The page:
Durban law group calls for an immediate end to ‘fascist’ lockdown

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The Constitutional Lawyers for Democracy (CLD) have sent a letter of demand to President Cyril Ramaphosa calling for him to urgently lift the lockdown and to dissolve the National Coronavirus Command Council (NCCC), claiming the government had violated a slew of citizens’ constitutional rights, says a report in The Mercury.

The Durban-based group, comprising attorneys Yusuf Ismail and Thembinkosi Luthuli, advocates Christo van Rensburg and Delia Turner, and emeritus Professor George Devenish, acting in their personal capacity as citizens, called on Ramaphosa to “immediately end the lockdown” or “at the very least” reduce it to alert level one “on legal, medical, economic and humanitarian grounds” and to invalidate the NCCC.

The 20-page letter and 123 pages of supporting documents, which include international medical studies on COVID-19, was also sent to Minister of Health Zweli Mkhize. The CLD spokesperson, Ismail, said the lockdown had underpinned “the fascist nature of the state in its abuse of people”.

He said the NCCC appeared to be “compromising parliamentary oversight and opening the door for excess abuse of state power, such as unlawful arrests”. “It makes no sense arresting someone walking in isolation on the road while allowing the unchecked contact between individuals in grocery stores and the massive pension pay-out queues.” He said there was “a growing body of medical expertise” which indicated that the lockdown was not sustainable. “You simply don’t impose a mass Orwellian house arrest on the fit and healthy,” Ismail said.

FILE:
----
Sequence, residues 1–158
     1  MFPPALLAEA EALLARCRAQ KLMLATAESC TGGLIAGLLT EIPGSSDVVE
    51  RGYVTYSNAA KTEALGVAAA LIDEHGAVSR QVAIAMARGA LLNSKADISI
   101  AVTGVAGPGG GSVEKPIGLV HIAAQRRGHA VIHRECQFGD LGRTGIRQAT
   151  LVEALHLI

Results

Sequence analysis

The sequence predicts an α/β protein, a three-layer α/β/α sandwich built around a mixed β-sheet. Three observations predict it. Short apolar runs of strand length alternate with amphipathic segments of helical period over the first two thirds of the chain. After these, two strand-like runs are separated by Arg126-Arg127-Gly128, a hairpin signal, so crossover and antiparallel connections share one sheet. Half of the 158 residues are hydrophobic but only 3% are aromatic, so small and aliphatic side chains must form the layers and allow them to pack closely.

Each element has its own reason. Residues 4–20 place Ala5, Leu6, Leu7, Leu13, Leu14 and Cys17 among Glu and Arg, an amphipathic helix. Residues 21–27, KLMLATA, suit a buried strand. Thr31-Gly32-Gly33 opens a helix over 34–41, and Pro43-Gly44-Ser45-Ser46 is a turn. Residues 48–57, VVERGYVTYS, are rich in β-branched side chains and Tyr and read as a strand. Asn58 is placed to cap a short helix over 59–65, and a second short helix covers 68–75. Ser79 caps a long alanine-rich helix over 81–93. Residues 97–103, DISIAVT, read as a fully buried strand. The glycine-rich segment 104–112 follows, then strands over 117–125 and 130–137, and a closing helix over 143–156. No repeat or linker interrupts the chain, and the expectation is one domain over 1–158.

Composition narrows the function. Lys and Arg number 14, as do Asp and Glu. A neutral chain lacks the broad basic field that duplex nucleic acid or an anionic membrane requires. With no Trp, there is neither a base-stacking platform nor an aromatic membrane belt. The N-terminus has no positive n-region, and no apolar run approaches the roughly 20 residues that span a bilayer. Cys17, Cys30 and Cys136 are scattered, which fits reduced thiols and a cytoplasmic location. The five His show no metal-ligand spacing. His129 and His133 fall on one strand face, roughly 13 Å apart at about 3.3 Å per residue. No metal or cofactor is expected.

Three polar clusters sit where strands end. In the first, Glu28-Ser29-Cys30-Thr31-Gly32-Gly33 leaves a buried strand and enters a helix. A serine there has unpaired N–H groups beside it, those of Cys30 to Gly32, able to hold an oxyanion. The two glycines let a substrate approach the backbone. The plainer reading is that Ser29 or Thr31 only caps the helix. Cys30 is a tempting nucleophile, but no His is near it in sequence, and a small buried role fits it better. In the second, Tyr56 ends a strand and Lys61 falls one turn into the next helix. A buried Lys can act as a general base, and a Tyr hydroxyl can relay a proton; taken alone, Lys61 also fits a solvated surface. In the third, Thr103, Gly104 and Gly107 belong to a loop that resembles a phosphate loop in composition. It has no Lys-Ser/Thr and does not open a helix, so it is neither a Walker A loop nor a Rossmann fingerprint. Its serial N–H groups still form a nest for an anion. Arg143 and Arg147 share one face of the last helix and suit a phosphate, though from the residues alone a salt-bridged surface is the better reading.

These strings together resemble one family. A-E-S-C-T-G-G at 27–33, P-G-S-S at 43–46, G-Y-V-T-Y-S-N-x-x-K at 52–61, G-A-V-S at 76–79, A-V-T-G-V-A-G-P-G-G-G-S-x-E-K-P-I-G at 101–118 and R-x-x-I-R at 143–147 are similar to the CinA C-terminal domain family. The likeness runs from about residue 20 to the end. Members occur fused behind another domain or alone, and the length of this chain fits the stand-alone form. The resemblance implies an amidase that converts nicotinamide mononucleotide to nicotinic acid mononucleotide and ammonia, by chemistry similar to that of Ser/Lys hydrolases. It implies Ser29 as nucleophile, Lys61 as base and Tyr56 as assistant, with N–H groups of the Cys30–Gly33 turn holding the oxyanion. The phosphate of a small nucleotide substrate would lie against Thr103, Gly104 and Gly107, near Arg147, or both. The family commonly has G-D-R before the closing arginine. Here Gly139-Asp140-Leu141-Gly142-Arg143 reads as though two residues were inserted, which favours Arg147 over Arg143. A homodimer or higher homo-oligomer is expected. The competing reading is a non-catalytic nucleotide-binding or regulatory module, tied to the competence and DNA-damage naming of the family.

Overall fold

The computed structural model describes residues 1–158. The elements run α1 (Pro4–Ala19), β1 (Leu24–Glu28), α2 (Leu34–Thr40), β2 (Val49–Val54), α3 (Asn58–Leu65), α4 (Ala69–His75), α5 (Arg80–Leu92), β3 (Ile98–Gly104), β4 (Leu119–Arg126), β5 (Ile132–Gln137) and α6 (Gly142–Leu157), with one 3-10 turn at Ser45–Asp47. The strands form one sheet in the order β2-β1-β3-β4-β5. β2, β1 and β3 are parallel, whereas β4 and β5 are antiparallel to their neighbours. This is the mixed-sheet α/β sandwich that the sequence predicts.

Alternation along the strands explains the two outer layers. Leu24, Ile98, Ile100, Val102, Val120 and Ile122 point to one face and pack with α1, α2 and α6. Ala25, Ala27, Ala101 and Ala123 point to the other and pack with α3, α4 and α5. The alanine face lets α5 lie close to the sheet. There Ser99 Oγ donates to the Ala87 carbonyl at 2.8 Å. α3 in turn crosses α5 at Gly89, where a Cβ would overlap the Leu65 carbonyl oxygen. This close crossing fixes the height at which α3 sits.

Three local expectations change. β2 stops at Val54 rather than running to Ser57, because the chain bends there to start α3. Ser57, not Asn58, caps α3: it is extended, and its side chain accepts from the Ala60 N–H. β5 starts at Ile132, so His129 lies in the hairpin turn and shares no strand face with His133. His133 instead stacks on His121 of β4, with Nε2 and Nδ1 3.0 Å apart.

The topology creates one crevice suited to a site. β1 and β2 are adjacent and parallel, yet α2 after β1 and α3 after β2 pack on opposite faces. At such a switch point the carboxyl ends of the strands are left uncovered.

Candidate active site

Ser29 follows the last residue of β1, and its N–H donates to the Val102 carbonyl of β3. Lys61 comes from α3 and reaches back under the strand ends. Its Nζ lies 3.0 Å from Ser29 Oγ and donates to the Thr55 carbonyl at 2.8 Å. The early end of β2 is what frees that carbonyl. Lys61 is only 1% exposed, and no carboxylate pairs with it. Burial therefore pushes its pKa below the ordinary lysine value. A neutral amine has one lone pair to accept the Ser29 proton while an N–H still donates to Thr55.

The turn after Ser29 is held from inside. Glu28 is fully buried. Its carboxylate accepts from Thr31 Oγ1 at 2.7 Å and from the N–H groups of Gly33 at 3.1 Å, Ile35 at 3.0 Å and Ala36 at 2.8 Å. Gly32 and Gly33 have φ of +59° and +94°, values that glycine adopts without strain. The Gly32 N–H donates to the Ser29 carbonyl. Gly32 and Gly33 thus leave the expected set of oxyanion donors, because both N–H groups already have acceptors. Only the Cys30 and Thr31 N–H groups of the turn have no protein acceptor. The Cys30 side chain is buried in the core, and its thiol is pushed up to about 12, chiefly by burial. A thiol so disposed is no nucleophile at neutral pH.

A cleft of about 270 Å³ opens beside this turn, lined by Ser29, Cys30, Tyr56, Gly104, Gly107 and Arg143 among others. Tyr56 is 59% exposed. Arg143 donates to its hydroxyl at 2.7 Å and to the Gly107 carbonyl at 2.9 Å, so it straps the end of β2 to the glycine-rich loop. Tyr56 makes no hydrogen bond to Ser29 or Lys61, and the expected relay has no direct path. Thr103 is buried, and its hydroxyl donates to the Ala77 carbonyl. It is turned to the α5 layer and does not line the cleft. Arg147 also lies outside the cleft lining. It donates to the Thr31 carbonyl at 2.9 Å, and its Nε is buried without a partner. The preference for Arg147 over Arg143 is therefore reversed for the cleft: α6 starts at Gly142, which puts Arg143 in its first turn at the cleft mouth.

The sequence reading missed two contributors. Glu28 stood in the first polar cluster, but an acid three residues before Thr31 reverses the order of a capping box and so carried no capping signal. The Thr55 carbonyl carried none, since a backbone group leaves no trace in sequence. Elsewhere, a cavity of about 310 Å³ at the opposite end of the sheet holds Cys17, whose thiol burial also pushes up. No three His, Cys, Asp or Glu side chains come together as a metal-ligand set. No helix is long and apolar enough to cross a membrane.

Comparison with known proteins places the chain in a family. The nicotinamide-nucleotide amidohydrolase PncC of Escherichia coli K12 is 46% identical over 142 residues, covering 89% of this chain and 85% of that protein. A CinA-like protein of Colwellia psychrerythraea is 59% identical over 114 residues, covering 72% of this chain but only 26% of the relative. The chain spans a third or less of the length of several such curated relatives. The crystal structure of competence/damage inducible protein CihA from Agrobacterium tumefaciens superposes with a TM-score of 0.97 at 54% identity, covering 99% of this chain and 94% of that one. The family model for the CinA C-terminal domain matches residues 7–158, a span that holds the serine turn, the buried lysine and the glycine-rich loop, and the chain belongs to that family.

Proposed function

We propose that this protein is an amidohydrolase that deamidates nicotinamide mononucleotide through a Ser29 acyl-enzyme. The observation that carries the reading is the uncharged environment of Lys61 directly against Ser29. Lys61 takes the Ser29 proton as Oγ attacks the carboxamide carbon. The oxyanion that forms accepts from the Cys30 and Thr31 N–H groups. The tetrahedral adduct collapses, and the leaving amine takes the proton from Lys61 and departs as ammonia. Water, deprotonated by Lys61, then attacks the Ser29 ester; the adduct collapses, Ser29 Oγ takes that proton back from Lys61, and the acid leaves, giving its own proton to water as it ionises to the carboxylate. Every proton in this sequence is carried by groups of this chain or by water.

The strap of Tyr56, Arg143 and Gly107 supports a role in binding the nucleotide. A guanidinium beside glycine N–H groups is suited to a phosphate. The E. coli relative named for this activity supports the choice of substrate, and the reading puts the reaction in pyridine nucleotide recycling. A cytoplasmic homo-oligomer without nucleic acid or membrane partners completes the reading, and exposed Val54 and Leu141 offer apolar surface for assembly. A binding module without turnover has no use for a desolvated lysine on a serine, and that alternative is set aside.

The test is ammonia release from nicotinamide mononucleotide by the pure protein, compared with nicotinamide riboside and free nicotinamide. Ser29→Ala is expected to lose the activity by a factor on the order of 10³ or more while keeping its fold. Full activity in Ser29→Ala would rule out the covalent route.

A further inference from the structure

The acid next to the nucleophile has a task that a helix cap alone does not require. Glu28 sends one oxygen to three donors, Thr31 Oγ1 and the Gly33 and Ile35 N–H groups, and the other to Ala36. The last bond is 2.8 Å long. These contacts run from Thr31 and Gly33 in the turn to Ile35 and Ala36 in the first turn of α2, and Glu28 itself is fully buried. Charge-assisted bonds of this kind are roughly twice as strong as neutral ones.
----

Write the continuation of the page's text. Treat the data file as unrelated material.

In its letter, the group said data from best-studied countries showed COVID-19’s lethality was on average 0.2%, which was “in the range of a severe (flu) and about 20 times lower” than originally assumed by the World Health Organisation. According to The Mercury, the group contended that DMA regulations disrupted citizens’ constitutional rights. It also said that the right to freedom of expression had been disrupted, as under regulation 11(5), challenging the conventional view of the virus could be criminalised.

The group said as the Constitution had not been suspended, citizens still had their ability to invoke their constitutional rights without limitation and the provisions of the Bill of Rights remained in place. They advised citizens to plead not guilty to lockdown offences and to run their cases to trial. “Any law enforcement official trying to arrest a citizen for contravening lockdown regulations is acting in our opinion unlawfully, outside the ambit of the Criminal Procedure Act and without any form of constitutional mandate, and therefore can be potentially charged for assault in a criminal court, and sued for damages in a civil court,” they said.

Ramaphosa had five days to respond, failing which the CLD would seek relief to dissolve the NCCC on the grounds of it being “totally unconstitutional and its regulations consequently invalid”. Mkhize’s spokesperson, Popo Maja, said the “lockdown is not a South African invention, it is a public health measure practice internationally to prevent the spread of the COVID-19 pandemic”.

Full report in The Mercury (subscription needed)

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